If you have a pension, you’re one of the lucky ones. Defined benefit retirement plans like pensions are increasingly rare, having been largely replaced by defined contribution plans like the 401(k). But drawing on your pension income when you hit retirement isn’t a free ride. Some or all of that pension will be taxable. Here’s how it works.
Find out now: How much do I need to save for retirement?
Getting Your Pension in Retirement
The terms of your pension will include a retirement age at which you can start claiming pension income. It’s usually 65, but your pension might be different. However, as with Social Security, you can start claiming reduced benefits at an earlier age. The people who administer your pension plan should be able to print you a benefits schedule that shows you how your pension income will vary based on when you claim.
You can claim your pension in a lump sum when you retire or opt to have it “annuitized” into monthly payments that will last as long as you live. Taking a lump sum means the money is safely in your hands and won’t disappear if the company folds or defaults on its pension obligations. You can invest it as you see fit or will it to your heirs so they’ll get your full pension if you pass on.
But with a lump sum you run the risk of overspending and finding yourself with no money in your old age. Opting for monthly payments will keep you safe from yourself, but leaves you more vulnerable to changes in the fortunes of your company. It also means you can’t make your own decisions about how to invest the money or leave the full amount to your heirs.
Related Article: What Is a Pension Plan?
Taxes on Pension Income
Regardless of whether you opt to take your pension income in a lump sum or in monthly payments, it’s good to have a tax strategy. Unless you contributed to your pension, the entirety of your pension income will be taxable at your regular income tax rate. In other words, if your pension income all comes from money your employer contributed, with no additional contributions on your part, it’s all fully taxable.
According to the IRS, your pension income is fully taxable if any of the following applies to you:
- You didn’t contribute anything for your pension or annuity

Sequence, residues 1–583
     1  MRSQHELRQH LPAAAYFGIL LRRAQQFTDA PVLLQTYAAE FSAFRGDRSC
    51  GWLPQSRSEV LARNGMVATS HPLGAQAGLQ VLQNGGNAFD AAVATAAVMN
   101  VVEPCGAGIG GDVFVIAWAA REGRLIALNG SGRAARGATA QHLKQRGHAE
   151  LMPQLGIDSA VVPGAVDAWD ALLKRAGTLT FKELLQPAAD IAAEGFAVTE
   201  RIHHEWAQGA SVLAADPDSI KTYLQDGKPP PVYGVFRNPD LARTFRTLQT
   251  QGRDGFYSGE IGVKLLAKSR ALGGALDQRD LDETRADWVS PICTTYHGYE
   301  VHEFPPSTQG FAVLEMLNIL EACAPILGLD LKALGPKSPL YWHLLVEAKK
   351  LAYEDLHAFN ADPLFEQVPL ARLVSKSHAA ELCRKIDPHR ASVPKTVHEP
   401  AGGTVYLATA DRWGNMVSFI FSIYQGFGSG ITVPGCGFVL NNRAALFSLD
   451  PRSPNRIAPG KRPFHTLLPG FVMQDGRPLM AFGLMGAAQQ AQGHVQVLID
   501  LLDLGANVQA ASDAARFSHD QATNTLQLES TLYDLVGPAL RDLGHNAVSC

- Your employer didn’t withhold contributions from your salary, or
- You received all of your contributions tax-free in prior years
If you contributed after-tax dollars to your pension, your pension will be partially taxable. You won’t owe taxes on the amount you contributed in after-tax dollars.
If you take distributions from your pension before age 59 1/2, you may owe a 10% penalty on top of your regular income taxes. The only way you can get out of this early withdrawal penalty is:
- If the distributions are taken because you have become permanently disabled
- If the distributions are made on or after the death of the pension plan participant (in other words, you’re a survivor claiming the pension of the deceased)
- If the distributions are made after you separate from service and before you turn 55
- If the distributions are made after you separate from service as part of a series of substantially equal periodic payments
If you’re considering making an early withdrawal and you’re not sure whether you would trigger the 10% penalty it’s a good idea to check with the company that administers the plan before you take the plunge.
If you opt for monthly pension payments, you won’t be able to lessen your tax burden by easing up on withdrawals like you could with a 401(k) or an IRA. Your monthly pension payments might amount to more money than you really need and all of it will be taxable. If you had the same amount of money in an IRA or 401(k) you could delay withdrawals, opt for a smaller monthly income and enjoy more tax-free growth on your retirement fund. Still, most people would rather have a pension from their employer’s money than a 401(k) from their own.
Check out our Social Security calculator.
Requesting Tax Withholding from Your Pension Income
You can ask the company that administers your pension to withhold income taxes from your pension if you’re afraid you’ll get slammed with a big bill at tax time. Withholding, which you can request on IRS Form W-4P, will let you pay your federal income taxes as you go, putting that money aside throughout the year rather than having to come up with it all in April. It’s comparable to the regular W-4 you give your employer for tax withholding purposes. If you don’t think enough money is being withheld from your pension, you can also make estimated tax payments.
A pension is a valuable source of retirement income and something many Americans wish they had. When you’re approaching your retirement age, it’s a good idea to work out a financial plan that will cover how much you’ll spend and that accounts for your tax bill. In the first year you start claiming pension funds, it’s wise to set aside plenty of money for your taxes so you don’t come up short at filing time.
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